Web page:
No length of time is appropriate nor inappropriate for moving through them…progress will either happen or it wont, and usually it does begin to happen eventually. That’s what progress IS, it is human beings advancing through emotion, both as groups and as individuals and as societies continue through time. PROGRESS is something in the minds of people, but it manifests everything about our existence. How we create technology and architecture, art and music, economic structures, mold social mores and design religion, etc….it FEELS good to people and happy groups to keep moving forward. And while nobody knows exactly toward WHAT, it is usually defined as God (particularly for Ibrahimic religions whose adherents tend to contribute toward advancement of humanity in the forms we consider as such today).

Hopefully, for someone who accepts the concept of what a soul-like thing is as it relates to “progress”, it should explain the reason why it is so important to DEAL WITH PROBLEMS relatively soon after they occur so they don’t get ignored and come back to affect the life of the person later on in a poor manner. It’s also okay if that does happen. This relationship should also provide a better context for explaining the problem with NOT taking a social account to a persons problems. For example, think of the patient in Mr. Jones, Mr. Wilson, who has all sorts of government conspiracy theories. When he describes driving a car as toxic to the planet and part of a government scheme to destroy the world or something wild along those lines, it is this type of behavior that landed him in the psych ward to begin with. What if we view this behavior as having roots in emotion-driven logic. EVERY HUMAN BEING ON EARTH ENGAGES IN EMOTION DRIVEN LOGIC. So, for example, we would understand Mr. Wilson as someone who cares about humanities future (atmospheric safety), what we should consider a good quality, and it’s just his inability to relay his concern in a mild fashion makes him a looney-tune. We might even be able to take it further and make all of the “normal” people (those not in an institution) as horrendous, dishonorable, and insane, for not being concerned with their own demise at their own actions. They make no sense because, for all of history, every living creature is supposed to have some innate sense that drives them to go on living…now an entire society doesn’t care? Those same people will struggle for air when being drowned or fight with every aspect of their being when cornered with a knife-wielding murderer.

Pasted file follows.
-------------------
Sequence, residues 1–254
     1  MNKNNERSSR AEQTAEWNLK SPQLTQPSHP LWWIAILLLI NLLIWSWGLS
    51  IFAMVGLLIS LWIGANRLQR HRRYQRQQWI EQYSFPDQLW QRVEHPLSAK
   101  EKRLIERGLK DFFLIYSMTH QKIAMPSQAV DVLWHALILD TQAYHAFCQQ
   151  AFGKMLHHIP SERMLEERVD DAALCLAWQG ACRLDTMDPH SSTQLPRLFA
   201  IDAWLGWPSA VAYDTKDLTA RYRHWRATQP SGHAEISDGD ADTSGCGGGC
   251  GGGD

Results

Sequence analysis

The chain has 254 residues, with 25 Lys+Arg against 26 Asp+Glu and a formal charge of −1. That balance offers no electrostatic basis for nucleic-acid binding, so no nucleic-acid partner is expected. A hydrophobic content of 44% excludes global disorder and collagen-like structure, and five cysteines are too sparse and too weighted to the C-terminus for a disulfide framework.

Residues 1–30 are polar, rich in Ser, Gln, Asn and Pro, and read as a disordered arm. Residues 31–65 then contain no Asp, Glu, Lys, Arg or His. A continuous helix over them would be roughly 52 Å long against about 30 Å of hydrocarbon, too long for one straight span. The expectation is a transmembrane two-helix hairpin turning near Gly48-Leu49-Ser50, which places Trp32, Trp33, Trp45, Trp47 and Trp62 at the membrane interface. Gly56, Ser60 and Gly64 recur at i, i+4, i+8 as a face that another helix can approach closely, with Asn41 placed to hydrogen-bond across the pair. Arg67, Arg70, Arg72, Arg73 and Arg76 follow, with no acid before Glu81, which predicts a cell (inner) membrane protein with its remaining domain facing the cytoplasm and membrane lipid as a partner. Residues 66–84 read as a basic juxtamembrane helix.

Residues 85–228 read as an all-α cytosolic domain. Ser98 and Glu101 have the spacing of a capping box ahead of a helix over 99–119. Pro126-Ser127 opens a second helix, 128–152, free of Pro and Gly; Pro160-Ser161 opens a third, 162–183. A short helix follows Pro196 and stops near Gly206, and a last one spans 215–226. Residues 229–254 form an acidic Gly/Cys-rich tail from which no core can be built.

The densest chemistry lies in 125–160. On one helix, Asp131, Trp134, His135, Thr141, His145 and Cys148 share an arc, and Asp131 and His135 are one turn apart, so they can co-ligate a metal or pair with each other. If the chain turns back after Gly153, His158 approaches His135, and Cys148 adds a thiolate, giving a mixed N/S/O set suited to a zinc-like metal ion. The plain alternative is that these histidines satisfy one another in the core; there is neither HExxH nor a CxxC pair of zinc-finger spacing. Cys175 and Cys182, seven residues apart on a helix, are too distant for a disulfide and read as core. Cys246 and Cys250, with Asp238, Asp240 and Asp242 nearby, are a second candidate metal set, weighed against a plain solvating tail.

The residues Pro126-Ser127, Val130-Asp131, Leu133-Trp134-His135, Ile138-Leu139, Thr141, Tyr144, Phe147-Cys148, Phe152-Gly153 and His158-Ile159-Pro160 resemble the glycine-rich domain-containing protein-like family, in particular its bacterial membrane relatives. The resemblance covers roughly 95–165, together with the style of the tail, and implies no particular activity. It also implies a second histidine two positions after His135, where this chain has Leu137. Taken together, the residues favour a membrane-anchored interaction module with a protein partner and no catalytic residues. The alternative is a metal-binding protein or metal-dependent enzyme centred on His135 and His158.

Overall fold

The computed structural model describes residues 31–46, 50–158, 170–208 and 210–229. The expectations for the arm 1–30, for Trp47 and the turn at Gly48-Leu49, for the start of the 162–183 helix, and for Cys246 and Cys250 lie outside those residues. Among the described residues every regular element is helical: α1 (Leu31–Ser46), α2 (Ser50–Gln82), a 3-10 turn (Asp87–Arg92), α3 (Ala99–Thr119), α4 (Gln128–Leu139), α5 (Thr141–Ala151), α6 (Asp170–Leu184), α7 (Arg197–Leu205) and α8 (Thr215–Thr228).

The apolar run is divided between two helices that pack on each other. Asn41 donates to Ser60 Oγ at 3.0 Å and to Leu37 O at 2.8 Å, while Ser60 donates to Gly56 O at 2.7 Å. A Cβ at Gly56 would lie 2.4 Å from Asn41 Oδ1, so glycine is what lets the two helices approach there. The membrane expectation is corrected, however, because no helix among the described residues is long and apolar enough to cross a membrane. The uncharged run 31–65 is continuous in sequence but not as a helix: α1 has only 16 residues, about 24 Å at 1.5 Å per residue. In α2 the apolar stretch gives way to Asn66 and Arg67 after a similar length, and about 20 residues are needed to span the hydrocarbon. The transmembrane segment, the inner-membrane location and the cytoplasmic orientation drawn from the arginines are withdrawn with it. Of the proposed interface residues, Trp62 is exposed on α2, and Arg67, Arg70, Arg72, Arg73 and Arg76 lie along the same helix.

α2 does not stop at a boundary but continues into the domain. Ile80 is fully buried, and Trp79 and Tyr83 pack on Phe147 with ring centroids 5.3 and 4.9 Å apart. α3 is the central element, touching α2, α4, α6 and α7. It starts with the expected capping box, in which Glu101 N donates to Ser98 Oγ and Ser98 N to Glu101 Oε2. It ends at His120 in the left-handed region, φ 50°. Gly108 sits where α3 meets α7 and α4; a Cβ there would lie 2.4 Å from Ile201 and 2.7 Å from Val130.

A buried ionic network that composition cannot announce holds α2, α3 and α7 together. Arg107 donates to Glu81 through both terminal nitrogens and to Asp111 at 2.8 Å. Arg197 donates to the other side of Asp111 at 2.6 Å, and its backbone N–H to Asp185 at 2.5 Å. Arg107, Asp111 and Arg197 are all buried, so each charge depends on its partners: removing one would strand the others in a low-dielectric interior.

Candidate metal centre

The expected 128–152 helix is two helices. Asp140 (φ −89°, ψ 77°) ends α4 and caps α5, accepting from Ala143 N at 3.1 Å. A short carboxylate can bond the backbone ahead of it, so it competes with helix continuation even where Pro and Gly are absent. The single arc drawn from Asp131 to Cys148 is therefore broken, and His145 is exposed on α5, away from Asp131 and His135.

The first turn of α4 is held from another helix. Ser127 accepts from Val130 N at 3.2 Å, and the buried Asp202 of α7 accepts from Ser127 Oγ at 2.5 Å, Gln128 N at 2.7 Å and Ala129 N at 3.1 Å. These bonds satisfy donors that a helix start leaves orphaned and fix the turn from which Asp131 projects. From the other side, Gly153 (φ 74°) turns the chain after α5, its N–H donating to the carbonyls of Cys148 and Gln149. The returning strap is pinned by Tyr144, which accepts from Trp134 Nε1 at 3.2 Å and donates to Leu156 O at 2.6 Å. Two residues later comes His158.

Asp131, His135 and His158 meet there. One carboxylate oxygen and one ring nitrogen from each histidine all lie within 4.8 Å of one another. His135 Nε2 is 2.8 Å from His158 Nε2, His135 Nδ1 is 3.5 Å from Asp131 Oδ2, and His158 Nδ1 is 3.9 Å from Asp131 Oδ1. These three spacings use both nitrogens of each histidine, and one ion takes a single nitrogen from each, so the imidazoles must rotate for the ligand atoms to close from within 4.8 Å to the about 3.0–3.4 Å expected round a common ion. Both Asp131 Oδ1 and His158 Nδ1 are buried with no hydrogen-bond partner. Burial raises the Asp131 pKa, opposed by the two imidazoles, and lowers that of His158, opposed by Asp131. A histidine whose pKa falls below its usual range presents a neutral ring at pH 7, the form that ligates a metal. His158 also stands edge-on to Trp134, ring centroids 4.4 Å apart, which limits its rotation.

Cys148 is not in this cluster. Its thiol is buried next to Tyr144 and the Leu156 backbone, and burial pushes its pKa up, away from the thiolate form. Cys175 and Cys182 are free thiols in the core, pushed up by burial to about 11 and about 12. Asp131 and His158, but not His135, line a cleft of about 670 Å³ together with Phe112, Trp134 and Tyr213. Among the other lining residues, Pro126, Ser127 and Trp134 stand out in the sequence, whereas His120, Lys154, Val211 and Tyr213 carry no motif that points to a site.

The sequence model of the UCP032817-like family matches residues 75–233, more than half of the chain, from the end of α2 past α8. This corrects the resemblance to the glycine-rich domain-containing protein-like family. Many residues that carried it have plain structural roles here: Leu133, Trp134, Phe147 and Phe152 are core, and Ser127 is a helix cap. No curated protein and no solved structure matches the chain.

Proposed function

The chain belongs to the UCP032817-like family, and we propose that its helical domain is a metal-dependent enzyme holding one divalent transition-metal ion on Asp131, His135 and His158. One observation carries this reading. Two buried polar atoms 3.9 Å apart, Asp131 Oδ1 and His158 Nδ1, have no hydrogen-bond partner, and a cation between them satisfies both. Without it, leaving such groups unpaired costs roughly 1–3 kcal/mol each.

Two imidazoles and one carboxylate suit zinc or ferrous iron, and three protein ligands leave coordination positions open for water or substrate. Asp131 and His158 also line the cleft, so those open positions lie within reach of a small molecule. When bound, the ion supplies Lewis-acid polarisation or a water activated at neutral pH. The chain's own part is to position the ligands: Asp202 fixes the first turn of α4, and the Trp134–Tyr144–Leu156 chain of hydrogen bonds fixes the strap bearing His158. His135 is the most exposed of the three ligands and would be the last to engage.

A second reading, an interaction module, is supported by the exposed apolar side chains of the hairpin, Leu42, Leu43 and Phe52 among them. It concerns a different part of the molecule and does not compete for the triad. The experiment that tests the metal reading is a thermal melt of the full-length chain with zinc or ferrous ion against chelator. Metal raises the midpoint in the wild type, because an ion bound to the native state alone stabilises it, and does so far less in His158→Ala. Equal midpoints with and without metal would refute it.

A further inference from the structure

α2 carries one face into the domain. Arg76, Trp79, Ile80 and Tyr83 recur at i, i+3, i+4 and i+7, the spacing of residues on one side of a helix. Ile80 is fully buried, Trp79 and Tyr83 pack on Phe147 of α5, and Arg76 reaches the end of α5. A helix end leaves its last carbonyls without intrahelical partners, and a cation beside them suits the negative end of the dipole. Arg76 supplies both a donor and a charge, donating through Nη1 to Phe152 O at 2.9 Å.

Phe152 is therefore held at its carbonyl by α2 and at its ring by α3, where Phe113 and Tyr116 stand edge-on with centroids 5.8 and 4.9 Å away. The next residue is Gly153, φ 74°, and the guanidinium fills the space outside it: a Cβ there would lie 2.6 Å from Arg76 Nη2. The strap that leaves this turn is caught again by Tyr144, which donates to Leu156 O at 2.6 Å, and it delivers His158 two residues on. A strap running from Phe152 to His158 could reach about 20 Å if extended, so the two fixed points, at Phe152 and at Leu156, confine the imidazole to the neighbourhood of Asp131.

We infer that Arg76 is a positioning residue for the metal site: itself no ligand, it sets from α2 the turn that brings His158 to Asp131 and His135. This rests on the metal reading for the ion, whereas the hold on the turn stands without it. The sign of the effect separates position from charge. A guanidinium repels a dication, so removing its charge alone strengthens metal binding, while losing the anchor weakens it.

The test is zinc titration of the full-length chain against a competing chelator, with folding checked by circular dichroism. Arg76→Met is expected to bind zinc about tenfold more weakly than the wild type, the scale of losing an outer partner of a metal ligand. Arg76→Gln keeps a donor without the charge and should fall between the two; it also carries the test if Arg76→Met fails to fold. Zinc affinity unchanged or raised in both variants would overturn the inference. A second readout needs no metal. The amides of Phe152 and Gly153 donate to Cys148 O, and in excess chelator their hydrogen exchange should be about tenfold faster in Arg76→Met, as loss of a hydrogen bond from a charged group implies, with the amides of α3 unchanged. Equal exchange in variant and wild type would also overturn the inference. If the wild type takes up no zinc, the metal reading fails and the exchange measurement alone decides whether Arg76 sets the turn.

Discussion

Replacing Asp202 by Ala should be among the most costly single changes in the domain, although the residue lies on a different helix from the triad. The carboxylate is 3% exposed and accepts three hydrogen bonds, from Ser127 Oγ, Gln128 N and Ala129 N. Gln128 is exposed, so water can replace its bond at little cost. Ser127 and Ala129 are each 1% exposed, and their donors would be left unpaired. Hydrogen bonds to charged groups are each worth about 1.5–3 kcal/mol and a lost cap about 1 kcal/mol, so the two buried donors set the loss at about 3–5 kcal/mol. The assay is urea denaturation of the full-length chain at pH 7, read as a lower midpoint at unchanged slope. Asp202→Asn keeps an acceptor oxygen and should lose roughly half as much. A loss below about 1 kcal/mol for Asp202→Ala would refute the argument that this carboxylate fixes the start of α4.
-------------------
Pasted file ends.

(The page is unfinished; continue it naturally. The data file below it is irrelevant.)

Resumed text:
Additionally, doesn’t it boggle a mind to be wizz-jammed with a feeling that compels it’s avatar to behave in a way the other members of society find highly frightening and unusual? For example, think of very basic behavioral protocols like “Hi”, “Hello”, How are you, Good, How are you, I’m well too, Thank you”, etc. etc. and on and on. This drab, run of the mill, standardized chatter, including discussions of weather or local sports, might serve the purpose of “breaking the ice” but it doesn’t carry an interaction very far. It does serve an important purpose of making people feel at least safe, but why? Does it really matter? Wouldn’t it be MORE trustworthy if a person were to behave with an apparent spontaneity?

Finally, let us consider how Mr. Jones acts from a very calm and rational standpoint whenever speaking to his doctor. He doesn’t see his doctor as a doctor, however. He obviously cares for this woman and finds her attractive, emotionally and/or physically. Their on-screen bonding portrays a genuine romantic encounter. One that cannot be reproduced the way that Disney reproduces euphoric wonder in it’s children visitors.

When it boils down to it, there’s always social norms at play when it comes to illustrating the area between sanity and insanity. “There’s a line here, alright? You cannot cross it!” her co-worker psychiatrist tells her, threatening to turn her in for sleeping with the patient.

When she finally understands him, as a human being and not as a patient, she is capable of fully knowing the bond between the two of them. She knows he won’t try to contact her after being released from another institution to which she had him transferred. She knows this because she KNOWS him. This type of spiritual connection is illustrated as being very REAL and valid according to the film’s writers. Some alternative worldviews consider these “chords of attachment.” This is important to understand because what Mr. Jones depicts is a man whose quest for true love is through the testing of a woman with his life on the line. Once he got to the point with her where they were close enough, he was ready to give her the ultimate test…the life ending test. Nine times out of ten, members of modern society fail to pass this test, and suicide often results. That’s what those suicides are! Not mere endless bouts of depression. Failures to find true love. This explanation of the world in terms of love is should appear as more appreciative and respectful to the real nature of human beings, or at least ones of substantial quality. When she showed up and saved him, it was something that would make him forever whole and feel normal again…or continue through time with a state of mind that comes from a fulfilled emotional ontology. Praise the heavens he gave the ultimate test to a woman who showed up (most of them never do.).


Pass me a bottle Mr. Jones